|Getting information into a Flash movie is a little more obvious than getting it back out again. Flash ActionScript in version 5 will allow you to bring information into the form via one of two methods (without Generator, that is): a text file or XML. The trick on the Notes side is to generate a "file" in the format that your Flash form expects to see.|
Both versions are best served by using a "Treat view contents as HTML" view on a $$ViewTemplate also set to "Treat as HTML". The view is usually used in the single-category mode to give a subset of the data in the database. In both cases, all of the formatting you need will have to be part of the view's column formulas, and, with the XML option, the XML and Doctype declarations would also be present on the $$ViewTemplate. (The reason for choosing "Treat as HTML" on the $$ViewTemplate is to suppress Domino's HTML generation, which will allow you to format the resulting "file" exactly the way you need it to appear.) Individual documents can be gotten from a "Treat as HTML" form through a view form formula -- the "Treat as HTML" forms are useless for anything but read-only use on the web, but again you can format the information exactly the same way as you need it to appear -- and design your movie as if you were using an external text file or XML resource.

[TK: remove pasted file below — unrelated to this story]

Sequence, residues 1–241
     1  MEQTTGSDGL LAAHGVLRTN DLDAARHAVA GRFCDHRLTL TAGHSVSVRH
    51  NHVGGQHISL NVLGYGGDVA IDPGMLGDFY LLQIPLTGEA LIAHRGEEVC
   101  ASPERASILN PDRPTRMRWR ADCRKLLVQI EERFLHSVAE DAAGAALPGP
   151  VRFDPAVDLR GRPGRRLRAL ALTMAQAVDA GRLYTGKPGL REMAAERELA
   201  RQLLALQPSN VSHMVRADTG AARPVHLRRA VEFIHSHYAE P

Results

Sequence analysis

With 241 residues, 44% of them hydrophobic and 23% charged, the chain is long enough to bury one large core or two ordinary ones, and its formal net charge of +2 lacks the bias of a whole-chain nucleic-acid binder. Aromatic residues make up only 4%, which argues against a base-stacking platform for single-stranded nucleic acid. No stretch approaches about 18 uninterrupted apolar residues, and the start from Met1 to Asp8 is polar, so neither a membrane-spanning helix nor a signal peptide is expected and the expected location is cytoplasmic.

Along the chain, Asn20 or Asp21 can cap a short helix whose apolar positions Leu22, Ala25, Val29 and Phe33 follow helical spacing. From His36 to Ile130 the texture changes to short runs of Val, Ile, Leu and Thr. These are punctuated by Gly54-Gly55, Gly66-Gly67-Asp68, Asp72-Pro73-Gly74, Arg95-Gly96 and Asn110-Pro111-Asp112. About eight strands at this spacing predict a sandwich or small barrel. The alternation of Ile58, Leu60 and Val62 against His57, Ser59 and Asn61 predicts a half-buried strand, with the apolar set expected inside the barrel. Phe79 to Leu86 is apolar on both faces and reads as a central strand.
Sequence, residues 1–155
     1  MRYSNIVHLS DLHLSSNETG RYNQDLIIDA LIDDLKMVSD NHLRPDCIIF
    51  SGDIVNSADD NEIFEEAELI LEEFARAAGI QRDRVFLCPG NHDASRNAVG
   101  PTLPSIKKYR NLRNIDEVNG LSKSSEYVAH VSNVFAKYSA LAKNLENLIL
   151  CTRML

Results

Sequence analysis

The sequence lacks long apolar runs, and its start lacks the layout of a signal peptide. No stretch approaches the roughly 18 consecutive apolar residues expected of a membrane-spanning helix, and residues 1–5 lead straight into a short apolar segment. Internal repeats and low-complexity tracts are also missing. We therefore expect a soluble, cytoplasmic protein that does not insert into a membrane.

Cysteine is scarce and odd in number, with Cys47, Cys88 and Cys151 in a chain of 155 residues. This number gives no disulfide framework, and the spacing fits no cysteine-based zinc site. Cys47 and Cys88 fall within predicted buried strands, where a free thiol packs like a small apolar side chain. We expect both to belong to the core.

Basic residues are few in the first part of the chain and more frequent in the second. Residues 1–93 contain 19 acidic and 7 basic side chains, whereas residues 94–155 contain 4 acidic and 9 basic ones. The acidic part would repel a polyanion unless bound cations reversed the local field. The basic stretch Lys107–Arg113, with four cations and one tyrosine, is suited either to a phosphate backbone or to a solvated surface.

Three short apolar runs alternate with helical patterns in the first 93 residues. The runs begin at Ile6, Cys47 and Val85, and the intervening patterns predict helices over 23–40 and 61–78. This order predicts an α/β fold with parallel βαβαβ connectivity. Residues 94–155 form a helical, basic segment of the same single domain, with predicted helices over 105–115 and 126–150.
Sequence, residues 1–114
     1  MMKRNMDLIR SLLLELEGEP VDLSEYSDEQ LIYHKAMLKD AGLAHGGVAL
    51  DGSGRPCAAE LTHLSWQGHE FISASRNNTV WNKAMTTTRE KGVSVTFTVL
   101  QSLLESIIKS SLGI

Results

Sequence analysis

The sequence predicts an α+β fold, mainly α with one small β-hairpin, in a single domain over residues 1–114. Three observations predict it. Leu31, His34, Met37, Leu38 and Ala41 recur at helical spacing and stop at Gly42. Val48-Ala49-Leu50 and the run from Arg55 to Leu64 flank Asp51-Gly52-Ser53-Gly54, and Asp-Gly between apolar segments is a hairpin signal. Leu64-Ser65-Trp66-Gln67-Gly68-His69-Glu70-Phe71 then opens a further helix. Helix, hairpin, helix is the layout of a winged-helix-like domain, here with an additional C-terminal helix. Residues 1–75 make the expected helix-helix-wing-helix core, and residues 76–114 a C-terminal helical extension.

"Form formula?" This is probably the only really good use I've ever found for form formulas in views. On the web, you don't have to worry about having a view in the ui for a form formula to take effect. All you need to do is use a particular view's name in the URL, and the form formula for that view kicks in. A document that would normally be displayed/edited with a full-function form (including actions, links, etc.) can be displayed with a "printer friendly" form for printing, a data-only form for use as a plain-text resource, or a values-plus-(custom)tags form to create an XML document just by using a different view name in the document's URL.
Getting the information back ino the database means using the GET or POST methods of the Flash form. The POST method is a lot cleaner, since the GET method involves putting all of the data into the URL. Putting new information into the database is simply a matter of submitting the Flash form (with the correct fieldnames)using the "?CreateDocument" Domino URL. The Domino URL Cheat Sheet in the Sandbox (http://www-10.lotus.com/ldd/sandbox.nsf) is worth several times its printed weight in gold for this. Getting edited information back into a document is a little trickier -- you have to remember to bring the document's UNID into your movie -- and if you are working on multiple documents at a time, finding a way to keep the data separate in your ActionScript.
If you are lucky enough to be using the new MX version of Flash, you might want to take a lot closer look at the XML options. Being able to bring in a document or view-based data set by named node (as opposed to counting through the list and hoping everything is in the order you expect it to be in) will make getting the data and using it a lot easier. Putting the data back into Domino, though, will not really get much easier until the XML support is beefed up a bit.
Posted by Stan Rogers on 29.Apr.02 at 09:14 AM using a Web browser